Rise of the Artists: The Fascinating History of Las Terrazas


The words “purpose built community” can conjure up a variety of images. Bland suburbs on land carved out of swamps, filled with buildings that look alarmingly similar. Not exactly somewhere you’d want to visit while on holiday. One particular planned community will shatter any preconceived notions that you might have about this sort of place. Drive south out of Havana for an hour or so and you will come to a village called Las Terrazas (The Terraces), nestled in lush green hills. The planned beauty of Las Terrazas is in sharp contrast to the rest of hectic Cuba, but the planned nature of the area doesn’t reduce its authenticity.

Over the Centuries

It’s not as though Las Terrazas was a hidden oasis in the middle of nowhere that was developed in order to provide infrastructure and housing for the people of Cuba. The area has been utilised for various purposes for centuries, and it was some of these uses that were almost the undoing of the region. Interest in the hills around what is now Las Terrazas can be traced all the way back to when Cuba was colonised by the Spanish. Wood was needed to build their fledgling settlements across the country, and the forests of the hills in the area were a valuable resource in this respect. Sustainable harvesting was a concept that was still some centuries away, so countless trees were chopped down and removed with little thought for the future wellbeing of the environment. A number of coffee plantations were established in the area over the centuries too, much to the detriment (and outright destruction) of what little of the landscape was still intact.

A Town is Reborn

The environmental decline of the region did not go unnoticed, and a drastic intervention was planned. In 1968 then-President Fidel Castro ordered the rejuvenation of the area. This was not a plan to turn it into a bustling metropolis, but instead to return the hills around Las Terrazas to their former glory. Extensive replanting took place, and the land was cultivated with the addition of the terraces that give the town its name. These were added to the hills themselves, creating farmable land in a way that could be contained. This land was not used for generic crops either, and were largely used to plant tropical fruit trees. These were trees that would thrive and produce an income while still rejuvenating the area. Roads were improved upon and expanded, and a number of homes and other buildings were constructed in way that they could exist in harmony with the surrounding land. A number of original structures were retained, and some of these date back centuries. This was not intended to be a new, sprawling town. The efforts were so successful that it was designated as a UNESCO preserve in 1984.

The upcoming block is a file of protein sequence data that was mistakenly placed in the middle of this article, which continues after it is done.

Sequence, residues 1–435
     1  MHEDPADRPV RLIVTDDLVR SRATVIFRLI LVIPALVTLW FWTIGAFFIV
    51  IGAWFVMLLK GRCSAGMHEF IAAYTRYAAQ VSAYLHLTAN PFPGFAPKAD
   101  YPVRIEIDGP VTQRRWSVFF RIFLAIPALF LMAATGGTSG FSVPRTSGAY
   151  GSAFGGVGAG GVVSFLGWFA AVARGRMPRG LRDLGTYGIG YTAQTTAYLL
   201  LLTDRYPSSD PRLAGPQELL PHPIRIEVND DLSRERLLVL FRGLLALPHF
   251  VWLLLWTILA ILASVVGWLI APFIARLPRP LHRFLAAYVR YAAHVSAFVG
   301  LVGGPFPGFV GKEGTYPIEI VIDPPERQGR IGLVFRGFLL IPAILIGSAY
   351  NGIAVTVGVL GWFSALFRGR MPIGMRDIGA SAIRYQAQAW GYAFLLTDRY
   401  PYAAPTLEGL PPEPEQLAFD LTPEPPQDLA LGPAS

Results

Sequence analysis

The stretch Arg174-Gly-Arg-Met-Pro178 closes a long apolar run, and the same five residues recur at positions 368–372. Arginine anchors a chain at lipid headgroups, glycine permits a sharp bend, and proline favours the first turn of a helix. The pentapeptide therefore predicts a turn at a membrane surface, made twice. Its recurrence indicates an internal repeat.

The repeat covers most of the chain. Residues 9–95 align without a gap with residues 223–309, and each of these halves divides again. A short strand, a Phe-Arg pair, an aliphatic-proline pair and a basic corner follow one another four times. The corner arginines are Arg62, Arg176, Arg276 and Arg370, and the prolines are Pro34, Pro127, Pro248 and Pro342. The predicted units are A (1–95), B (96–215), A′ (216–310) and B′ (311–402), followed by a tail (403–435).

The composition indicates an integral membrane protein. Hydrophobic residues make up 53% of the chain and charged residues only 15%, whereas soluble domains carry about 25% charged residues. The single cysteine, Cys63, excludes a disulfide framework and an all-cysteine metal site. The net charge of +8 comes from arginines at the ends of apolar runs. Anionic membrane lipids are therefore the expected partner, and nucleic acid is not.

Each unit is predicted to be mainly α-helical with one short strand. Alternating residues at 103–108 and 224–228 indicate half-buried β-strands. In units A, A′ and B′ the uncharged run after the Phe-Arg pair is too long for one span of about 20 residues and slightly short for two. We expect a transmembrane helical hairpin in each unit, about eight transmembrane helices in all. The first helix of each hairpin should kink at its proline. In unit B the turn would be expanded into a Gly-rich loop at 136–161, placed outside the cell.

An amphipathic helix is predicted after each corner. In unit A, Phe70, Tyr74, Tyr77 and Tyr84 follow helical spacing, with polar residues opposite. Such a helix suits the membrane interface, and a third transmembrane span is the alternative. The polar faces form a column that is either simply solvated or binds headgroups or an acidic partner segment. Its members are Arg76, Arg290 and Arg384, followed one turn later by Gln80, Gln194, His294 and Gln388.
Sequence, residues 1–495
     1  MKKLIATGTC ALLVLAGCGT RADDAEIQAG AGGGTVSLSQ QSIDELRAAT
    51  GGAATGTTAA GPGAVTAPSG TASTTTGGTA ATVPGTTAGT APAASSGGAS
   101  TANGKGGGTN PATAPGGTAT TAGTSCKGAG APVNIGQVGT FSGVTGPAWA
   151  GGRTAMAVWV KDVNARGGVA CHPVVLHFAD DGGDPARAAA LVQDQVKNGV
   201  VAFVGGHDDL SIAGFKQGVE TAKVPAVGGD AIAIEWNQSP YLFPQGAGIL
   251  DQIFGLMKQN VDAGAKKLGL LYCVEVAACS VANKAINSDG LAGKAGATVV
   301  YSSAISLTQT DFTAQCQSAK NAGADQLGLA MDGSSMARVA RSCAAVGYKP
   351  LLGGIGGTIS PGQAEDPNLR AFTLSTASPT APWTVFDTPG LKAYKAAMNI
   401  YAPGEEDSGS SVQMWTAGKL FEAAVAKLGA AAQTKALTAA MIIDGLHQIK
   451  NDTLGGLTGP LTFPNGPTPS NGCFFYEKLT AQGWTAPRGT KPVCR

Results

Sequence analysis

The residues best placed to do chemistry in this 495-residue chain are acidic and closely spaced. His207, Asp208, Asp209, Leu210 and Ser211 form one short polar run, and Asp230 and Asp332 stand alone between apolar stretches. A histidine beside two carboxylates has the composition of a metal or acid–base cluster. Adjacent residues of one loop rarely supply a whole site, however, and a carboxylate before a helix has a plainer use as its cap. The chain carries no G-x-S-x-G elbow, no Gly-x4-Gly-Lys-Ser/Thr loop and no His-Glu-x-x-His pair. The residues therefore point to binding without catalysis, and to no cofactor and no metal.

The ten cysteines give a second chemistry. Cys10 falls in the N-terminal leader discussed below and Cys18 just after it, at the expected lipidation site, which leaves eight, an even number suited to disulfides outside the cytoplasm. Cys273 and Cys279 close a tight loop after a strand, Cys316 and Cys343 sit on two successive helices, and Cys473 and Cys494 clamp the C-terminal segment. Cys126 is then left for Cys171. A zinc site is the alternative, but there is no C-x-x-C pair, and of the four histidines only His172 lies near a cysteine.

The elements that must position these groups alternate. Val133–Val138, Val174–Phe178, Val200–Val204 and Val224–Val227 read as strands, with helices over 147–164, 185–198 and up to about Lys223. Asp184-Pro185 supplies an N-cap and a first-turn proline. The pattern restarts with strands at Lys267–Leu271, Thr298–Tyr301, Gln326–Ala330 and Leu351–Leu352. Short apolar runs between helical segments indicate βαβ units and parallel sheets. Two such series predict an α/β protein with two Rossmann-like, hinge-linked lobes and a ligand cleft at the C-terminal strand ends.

Another Decline

The rejuvenation of Las Terrazas continued until 1991 when the Soviet Union fell apart. The economy of Cuba was linked to the USSR, and this meant that the country’s finances needed to be redirected to more pressing matters. Once again, Las Terrazas and the area around it was in jeopardy. Cuba had always been popular with tourists (with the exception of Americans who could not visit quite so easily), and the 1990s were no different. Slowly but surely, Las Terrazas was opened up to visitors and positioned as a unique slice of Cuba. There is a range of accommodation on offer, both private homestays and some sublime ecolodges.This is convenient, since you might want to hang around for a few days. Las Terrazas is undeniably Cuban, and yet is so different from the rest of the country.

The Artists of Las Terrazas

As is often the case with such a unique community, Las Terrazas became a magnet for certain types of people. Over the last couple of decades a huge number of artists have settled in the town, giving it another distinctive layer to its already fascinating character. There are a lot of galleries and workshops crammed into what is a fairly small town. This is yet another reason why visitors flock to the town and a day tour in Las Terrazas is highly recommended. The art on offer ranges from kitschy stuff that seems to be geared towards visitors, along with more substantial original pieces. The town’s green credentials continue to grow, and this is largely why many visitors come to Las Terrazas. It offers a welcome piece of serenity when contrasted to the delightfully hectic experience that is common in the rest of the country. It’s not a place that would spring to mind when you think of the typical Cuba, but the town is a planned community where everything went very much to plan. And the whole country is richer for it…



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